Patty in the News

The Northwest has the ideal resources for producing biofuels for aviation, according to a study released Wednesday by a group including the Boeing Co. and Alaska Airlines.

"It is critical to the future of aviation that we develop a sustainable supply of aviation biofuels," said Jim Albaugh, president of Boeing's commercial airplanes division. "Airlines are particularly vulnerable to oil price volatility, and the aviation community must address this issue to maintain economic growth and further mitigate the environmental impacts of our industry."

Sustainable Aviation Fuels Northwest concluded a 10-month study and released it Wednesday. The study looks at all phases of aviation biofuels development, including production, refining, transport and use by airlines.

Boeing, Alaska Air, the ports of Seattle and Portland, and Washington State University launched the initiative last July. The group said favorable public policy and financial incentives will be needed to get a strong biofuel industry going in the region.

Jay Manning, chief of staff for Gov. Chris Gregoire, welcomed the idea of cultivating a biofuel industry in the state. Doing so would create jobs, be good for the environment and help grow Washington's aerospace industry.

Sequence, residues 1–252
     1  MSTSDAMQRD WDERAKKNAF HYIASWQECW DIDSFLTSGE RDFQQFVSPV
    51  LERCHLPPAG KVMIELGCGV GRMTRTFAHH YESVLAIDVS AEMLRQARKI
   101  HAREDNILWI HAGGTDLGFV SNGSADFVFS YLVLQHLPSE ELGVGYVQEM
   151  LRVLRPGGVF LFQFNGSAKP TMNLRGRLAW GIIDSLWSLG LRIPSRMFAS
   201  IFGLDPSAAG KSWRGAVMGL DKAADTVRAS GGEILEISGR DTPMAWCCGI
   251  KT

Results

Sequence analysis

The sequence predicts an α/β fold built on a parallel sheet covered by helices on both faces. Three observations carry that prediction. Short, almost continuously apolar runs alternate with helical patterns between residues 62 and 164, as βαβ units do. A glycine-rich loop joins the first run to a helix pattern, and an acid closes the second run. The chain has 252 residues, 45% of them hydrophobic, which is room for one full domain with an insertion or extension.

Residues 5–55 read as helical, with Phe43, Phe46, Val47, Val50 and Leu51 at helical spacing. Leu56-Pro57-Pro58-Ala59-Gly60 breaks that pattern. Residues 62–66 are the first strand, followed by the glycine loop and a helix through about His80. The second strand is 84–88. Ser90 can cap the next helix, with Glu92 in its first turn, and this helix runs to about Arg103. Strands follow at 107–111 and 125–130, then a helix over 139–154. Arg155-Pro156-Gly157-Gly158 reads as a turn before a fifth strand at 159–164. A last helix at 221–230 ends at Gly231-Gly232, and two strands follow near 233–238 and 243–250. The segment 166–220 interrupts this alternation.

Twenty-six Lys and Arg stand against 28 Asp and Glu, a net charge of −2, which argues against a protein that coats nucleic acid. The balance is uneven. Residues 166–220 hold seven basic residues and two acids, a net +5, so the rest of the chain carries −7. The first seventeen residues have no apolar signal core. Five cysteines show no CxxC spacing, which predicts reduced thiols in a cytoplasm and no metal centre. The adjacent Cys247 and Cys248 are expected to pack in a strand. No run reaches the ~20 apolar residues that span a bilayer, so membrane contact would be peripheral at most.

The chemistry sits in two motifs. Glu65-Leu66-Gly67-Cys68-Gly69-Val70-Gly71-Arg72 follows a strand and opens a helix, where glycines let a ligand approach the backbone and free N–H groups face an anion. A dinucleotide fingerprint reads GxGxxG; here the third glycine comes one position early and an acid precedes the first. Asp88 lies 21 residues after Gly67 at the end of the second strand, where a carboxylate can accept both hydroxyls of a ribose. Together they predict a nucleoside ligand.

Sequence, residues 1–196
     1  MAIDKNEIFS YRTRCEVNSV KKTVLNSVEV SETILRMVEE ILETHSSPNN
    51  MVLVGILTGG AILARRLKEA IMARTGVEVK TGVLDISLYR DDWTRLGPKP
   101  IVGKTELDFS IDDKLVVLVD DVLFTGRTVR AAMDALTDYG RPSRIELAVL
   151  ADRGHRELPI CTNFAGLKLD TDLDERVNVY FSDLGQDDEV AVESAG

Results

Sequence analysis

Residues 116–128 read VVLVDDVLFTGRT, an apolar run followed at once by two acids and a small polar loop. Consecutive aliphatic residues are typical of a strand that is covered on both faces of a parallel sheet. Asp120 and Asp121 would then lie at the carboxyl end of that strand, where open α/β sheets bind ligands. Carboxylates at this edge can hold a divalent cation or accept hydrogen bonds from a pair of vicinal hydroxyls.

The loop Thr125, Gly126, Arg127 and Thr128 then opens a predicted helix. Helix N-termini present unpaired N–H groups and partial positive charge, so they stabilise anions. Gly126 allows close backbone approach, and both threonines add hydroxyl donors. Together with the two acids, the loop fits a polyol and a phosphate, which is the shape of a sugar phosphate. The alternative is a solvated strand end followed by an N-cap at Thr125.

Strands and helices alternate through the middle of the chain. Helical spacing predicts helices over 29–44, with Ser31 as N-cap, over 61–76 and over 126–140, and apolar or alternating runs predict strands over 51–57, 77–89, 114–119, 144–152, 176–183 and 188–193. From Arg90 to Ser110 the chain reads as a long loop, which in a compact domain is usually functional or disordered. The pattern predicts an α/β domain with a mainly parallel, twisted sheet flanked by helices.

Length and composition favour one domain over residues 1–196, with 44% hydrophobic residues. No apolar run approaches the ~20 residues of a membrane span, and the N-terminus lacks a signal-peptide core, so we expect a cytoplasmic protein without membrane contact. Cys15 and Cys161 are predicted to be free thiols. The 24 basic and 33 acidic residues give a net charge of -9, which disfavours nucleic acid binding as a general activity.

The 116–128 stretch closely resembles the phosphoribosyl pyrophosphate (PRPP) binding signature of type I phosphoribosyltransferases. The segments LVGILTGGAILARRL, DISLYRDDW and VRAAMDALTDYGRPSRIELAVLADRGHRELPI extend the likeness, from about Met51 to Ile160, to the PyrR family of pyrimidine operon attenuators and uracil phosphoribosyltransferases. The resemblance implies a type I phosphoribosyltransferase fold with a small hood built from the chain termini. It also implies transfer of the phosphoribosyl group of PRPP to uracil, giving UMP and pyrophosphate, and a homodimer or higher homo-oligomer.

Having a homegrown, sustainable fuel source should help stabilize fuel costs for the aviation industry. Alaska Airlines has done what it can in terms of fuel efficiency by operating fuel-efficient jets such as Boeing 737s and using satellite-based flying technology to reduce fuel consumption, said Bill Ayer, chief executive of the Seattle-based airline.

"We realize that efficiency can only take us so far," Ayer said.

Billy Glover, vice president of environment and aviation policy for Boeing, outlined the fuel sources the group identified in the region. Those include algae, solid waste, forest residues and oil seeds such as camelina, which grows in fairly dry soil.

Glover said it's important not to focus on just one fuel source. Additionally, the group wanted to make sure the sources they identified are sustainable. In terms of cost, Glover believes the price of producing biofuel will drop over the years.

"We expect a long runway of improvement over the years," he said.

In the short term, though, a new biofuels industry in the region will have plenty of positives, Glover said.

"It's going to create new jobs, good new jobs," he said.

Members of Washington's Congressional delegation introduced legislation that would create an even larger market for biofuels: the U.S. military. Sens. Patty Murray and Maria Cantwell, along with Rep. Jay Inslee, are sponsoring a bill that would increase the length of time in contract between the military and biofuel producers.

"Building our biofuel supply chain will create jobs and new economic opportunities in the state of Washington," Inslee said.

- HeraldNet